Like many people in their twenties and thirties, my home is filled with a hodgepodge of items collected through impulse or happenstance over a number of years — the dresser left behind by a flatmate moving overseas, the bookcase found on the curb with a “free” sign taped to it, the couch a family member was looking to get rid of. As an avid op shopper, I also easily fall victim to the idea that if something is a bargain, it would be silly not to give it a try — what’s $2 after all? The result is an odd combination of furniture and dishes that don’t match each other and an over-abundance of other little-used items, like high heeled shoes.
To combat these tendencies my partner and I have become fairly good at periodically reducing our belongings, going through closets, dressers, pantries and cabinets and donating or otherwise disposing of items that aren’t being used or have fallen into disrepair. But, there’s one section of the house that is off-limits to this process: the library.
If you count hand-me-downs, you could say that I’ve been collecting books since before I was born. I still have every picture book from my childhood and almost every chapter book. I’ve kept most of my textbooks from university (and actually have come to regret selling back my copy of Thucydides’ History of the Peloponnesian War). Over the course of my life I’ve worked in four bookstores in two countries and have kept every book I’ve purchased along the way (save those I’ve lent out that haven’t been returned). I can only remember cutting down my library once in the past, when I sold about a half a dozen young adult novels whilst at uni and used the credit to buy a fictionalized account of the life of Queen Elizabeth the first.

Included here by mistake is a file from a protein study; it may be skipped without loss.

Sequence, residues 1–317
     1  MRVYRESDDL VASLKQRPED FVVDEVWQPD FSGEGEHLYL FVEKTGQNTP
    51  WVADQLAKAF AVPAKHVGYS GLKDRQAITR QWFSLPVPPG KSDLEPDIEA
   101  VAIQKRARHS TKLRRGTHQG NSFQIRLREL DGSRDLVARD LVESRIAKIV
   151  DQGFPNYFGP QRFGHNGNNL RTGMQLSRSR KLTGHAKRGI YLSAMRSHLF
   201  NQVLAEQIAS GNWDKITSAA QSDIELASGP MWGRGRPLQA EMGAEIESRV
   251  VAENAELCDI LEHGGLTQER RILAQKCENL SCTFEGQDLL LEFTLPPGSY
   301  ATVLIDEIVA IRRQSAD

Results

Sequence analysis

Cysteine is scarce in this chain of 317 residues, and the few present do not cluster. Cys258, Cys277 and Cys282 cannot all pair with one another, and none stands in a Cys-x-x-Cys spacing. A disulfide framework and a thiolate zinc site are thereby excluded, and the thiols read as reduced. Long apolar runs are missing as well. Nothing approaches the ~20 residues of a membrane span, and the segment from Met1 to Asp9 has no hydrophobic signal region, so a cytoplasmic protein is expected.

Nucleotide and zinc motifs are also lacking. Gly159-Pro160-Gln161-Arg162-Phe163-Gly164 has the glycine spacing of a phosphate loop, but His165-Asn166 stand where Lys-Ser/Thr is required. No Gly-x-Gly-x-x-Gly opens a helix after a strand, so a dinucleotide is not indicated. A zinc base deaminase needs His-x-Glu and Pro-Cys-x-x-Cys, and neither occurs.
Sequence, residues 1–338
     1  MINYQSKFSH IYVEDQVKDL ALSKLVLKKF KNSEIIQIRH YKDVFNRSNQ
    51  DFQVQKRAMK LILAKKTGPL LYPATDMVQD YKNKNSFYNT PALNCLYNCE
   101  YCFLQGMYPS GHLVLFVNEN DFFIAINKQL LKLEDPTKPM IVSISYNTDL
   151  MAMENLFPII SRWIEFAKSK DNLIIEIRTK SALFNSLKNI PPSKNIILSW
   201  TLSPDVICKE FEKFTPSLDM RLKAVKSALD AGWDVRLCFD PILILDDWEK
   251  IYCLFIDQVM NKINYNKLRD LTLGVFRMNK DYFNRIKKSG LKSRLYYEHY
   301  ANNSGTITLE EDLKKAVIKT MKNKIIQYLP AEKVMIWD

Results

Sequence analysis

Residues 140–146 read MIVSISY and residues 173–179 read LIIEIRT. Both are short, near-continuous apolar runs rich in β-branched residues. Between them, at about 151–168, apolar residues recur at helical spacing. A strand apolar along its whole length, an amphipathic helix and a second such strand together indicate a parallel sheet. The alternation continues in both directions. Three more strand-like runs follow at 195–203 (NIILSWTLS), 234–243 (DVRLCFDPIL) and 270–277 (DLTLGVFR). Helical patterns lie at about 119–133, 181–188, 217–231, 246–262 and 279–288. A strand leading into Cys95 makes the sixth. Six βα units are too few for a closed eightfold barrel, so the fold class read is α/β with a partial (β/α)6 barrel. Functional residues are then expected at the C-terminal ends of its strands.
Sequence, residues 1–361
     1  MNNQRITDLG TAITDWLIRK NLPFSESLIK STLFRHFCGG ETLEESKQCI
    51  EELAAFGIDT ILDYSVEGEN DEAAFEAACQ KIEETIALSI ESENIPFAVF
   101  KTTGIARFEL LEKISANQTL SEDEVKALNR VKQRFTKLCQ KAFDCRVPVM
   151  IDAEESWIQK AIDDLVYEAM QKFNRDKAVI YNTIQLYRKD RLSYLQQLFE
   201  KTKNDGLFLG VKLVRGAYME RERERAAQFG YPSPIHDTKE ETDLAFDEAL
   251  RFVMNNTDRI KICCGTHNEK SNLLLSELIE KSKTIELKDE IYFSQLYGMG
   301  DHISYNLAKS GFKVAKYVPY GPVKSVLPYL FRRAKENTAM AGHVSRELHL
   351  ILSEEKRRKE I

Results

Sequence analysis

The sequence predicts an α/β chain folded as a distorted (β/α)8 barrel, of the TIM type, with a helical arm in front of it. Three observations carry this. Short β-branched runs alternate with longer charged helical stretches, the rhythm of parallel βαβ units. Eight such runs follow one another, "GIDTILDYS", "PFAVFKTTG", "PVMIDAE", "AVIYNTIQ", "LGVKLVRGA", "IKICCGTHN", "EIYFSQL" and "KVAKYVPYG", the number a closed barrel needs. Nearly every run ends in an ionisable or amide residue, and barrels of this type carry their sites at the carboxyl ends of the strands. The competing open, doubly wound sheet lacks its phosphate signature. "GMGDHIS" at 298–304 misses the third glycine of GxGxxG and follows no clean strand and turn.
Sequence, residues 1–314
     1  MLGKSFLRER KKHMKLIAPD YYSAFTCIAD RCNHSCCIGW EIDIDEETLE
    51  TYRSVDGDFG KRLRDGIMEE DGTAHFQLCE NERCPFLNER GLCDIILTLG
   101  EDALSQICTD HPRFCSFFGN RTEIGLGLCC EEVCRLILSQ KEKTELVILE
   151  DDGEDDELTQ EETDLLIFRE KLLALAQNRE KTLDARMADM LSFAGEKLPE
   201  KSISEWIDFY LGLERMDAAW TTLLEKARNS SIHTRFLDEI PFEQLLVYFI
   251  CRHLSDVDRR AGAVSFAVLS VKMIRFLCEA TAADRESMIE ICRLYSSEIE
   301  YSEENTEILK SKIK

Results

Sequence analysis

Although there are days I truly wish I owned less stuff, I rarely think about getting rid of any of my books. There are some I could part with, I suppose — titles that didn’t send me searching for a pencil even once (I love to underline). But, even in my dreams of a spotless house — closets filled only with clothes that look and feel great, rooms filled only with a few sparse, yet fine pieces of furniture, a few warm floor rugs — even in these dreams, the walls are lined with bookcases.
Post inspired by Book Riot’s “Confessions of a Minimalist With a Book Problem”